Honestly speaking, I debated whether to go to Mesa Verde National Park. I wouldn’t hesitate for a minute, if it is any other National Park. However, from what I have learned, Mesa Verde is a National Park focusing on archeological sites, culture and history.
Any one of my friends knows that I am a “pure nature girl”. I don’t care too much about culture, history or politics. Almost all my photos contain just nature – scenery, animals and flowers. Only occasionally I would include a bit human artifacts in my pictures.
So, a place with lots of artifacts (even if they were from hundreds of years ago) and offering group tours doesn’t excite me. I tried to check online, hoping some pictures with beautiful scenery would convince me to go. I didn’t find any. All the pictures seem to focus on the dwellings and archeological sites!
What should I do? Go or not go? It seems such a shame to miss a National Park only a couple of hours away. I doubted I would come back to this area one day just for this park. So, finally, reluctantly, I went (4/21/13).
I wasn’t in any hurry. After all, I was there just because it is there. In fact, on my way, I actually stopped at a State Park (Mancos State Park) briefly before I went to Mesa Verde.
Well, as soon as I entered the park, I knew I made the right decision. The park is truly on top of a mesa which is so much higher than the surrounding areas. The view from the top of the mesa is wonderful. You could see the valley below and the mountain ranges (some with snow capped peaks) all around the mesa, from all directions! Just the first glance made the trip worth awhile.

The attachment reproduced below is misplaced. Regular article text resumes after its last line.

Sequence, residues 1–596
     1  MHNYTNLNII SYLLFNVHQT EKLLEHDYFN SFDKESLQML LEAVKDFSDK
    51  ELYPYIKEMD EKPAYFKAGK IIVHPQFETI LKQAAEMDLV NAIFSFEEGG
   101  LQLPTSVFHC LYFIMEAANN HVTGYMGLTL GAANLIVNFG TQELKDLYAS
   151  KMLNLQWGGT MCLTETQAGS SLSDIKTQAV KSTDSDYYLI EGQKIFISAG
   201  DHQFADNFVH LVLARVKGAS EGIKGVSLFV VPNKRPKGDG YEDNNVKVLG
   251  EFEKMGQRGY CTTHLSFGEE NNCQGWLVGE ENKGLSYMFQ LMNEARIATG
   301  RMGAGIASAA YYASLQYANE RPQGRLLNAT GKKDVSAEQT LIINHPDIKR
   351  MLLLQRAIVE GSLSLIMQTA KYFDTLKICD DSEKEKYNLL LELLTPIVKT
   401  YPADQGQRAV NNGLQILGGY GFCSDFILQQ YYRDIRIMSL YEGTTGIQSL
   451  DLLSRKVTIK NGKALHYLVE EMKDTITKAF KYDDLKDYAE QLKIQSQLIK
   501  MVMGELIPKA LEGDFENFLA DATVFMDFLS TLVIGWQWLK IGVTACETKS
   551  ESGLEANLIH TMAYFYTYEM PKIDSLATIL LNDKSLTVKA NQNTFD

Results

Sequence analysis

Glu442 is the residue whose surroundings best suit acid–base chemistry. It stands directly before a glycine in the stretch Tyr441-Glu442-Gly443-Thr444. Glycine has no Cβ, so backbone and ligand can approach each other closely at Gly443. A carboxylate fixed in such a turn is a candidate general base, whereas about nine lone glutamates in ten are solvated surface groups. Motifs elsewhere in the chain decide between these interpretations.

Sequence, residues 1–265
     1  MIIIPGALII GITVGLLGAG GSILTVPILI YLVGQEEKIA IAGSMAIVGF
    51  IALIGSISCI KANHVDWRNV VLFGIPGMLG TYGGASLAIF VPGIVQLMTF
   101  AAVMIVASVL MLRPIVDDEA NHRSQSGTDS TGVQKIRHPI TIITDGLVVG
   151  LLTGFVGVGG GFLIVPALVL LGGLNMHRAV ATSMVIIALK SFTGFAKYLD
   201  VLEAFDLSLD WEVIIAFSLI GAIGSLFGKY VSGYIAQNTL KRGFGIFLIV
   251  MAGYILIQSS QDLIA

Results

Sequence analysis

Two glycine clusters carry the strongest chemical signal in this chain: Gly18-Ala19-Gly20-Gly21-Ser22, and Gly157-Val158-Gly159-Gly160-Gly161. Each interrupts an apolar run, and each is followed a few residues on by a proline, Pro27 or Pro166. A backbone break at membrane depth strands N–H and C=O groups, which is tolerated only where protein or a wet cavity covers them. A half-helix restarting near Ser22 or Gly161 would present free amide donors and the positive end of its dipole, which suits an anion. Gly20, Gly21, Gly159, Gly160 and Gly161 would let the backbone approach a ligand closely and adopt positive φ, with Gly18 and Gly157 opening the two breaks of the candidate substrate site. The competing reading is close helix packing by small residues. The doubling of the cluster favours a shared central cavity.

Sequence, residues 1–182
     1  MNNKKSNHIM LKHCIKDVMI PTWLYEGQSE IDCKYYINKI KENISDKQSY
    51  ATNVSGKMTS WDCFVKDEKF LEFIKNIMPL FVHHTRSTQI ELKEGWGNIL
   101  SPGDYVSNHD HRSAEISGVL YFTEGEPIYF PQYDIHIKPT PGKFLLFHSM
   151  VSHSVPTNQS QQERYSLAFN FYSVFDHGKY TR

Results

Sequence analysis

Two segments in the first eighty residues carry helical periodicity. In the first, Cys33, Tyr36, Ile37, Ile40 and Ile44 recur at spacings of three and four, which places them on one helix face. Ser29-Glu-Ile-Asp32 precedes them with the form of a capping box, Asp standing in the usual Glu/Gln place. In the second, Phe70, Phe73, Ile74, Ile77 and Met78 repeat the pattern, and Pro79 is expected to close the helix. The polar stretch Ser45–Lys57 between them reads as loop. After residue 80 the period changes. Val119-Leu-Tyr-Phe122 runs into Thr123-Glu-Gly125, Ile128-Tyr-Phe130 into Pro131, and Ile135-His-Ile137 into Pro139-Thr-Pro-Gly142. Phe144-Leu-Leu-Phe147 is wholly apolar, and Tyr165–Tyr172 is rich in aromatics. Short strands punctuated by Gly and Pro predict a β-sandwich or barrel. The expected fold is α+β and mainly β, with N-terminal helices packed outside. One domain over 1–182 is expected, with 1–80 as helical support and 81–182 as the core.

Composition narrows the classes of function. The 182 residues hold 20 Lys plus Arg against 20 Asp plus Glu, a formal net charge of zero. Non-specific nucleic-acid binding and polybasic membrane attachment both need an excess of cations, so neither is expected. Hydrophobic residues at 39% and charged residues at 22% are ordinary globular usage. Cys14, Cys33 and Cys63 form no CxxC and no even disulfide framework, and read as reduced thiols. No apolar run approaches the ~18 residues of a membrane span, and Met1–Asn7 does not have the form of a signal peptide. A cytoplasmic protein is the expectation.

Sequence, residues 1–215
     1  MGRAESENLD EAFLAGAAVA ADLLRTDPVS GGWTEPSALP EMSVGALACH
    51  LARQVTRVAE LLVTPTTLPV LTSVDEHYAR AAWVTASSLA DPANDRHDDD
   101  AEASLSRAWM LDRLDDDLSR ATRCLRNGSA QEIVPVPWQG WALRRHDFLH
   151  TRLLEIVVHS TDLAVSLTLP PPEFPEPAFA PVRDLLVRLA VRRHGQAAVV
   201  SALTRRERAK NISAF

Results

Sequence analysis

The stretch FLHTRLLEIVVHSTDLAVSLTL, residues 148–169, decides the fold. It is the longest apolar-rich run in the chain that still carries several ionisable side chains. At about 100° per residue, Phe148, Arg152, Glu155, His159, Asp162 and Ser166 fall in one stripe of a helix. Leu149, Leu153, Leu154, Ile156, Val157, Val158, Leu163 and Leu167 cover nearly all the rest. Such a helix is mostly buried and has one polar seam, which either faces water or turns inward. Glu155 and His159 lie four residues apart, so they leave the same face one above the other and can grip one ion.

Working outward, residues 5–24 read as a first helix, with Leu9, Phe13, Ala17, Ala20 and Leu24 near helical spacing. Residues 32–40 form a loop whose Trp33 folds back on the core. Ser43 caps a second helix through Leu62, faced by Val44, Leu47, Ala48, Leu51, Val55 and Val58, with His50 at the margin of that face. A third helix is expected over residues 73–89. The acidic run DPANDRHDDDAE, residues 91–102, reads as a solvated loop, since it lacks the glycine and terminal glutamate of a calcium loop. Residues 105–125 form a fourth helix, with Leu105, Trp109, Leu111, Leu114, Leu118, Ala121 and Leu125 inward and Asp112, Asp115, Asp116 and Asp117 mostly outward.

Then I found out, there are plenty of trails in the park, some focusing on the archeological sites, but others just for natural beauty. The park is huge – even the main road is 20 miles, one way. Since I only had half a day in the park, I had to choose some short hikes (about 4 miles total).
One particular hike (Petroglyph Point Loop) leads to a site for rock art. Frankly speaking, the petroglyph isn’t that impressive; I have seen better in UT. However, the trail winds below the edge of Chapin Mesa with the cliffs on one side and the valley on the other. I love the scenery and kept on thinking “I am so glad I am here”.
By the time I left the park, it was getting dark. I didn’t get back to my accommodation until 10pm. I was tired, but happy and felt lucky I didn’t miss the park.
So, for those of you who are “pure nature” girls and boys, don’t miss Mesa Verde National Park. It may not be the park with the best scenery, but it is definitely worth your trip, time and money ($10 park fee; I paid $80 for an annual National Park Pass).
Oh, you don’t need to pay for guided tours if you are not absolutely crazy about the dwellings. There are plenty you can see on your own. 🙂
PS. my photo website: http://fineartamerica.com/profiles/qing-yang.html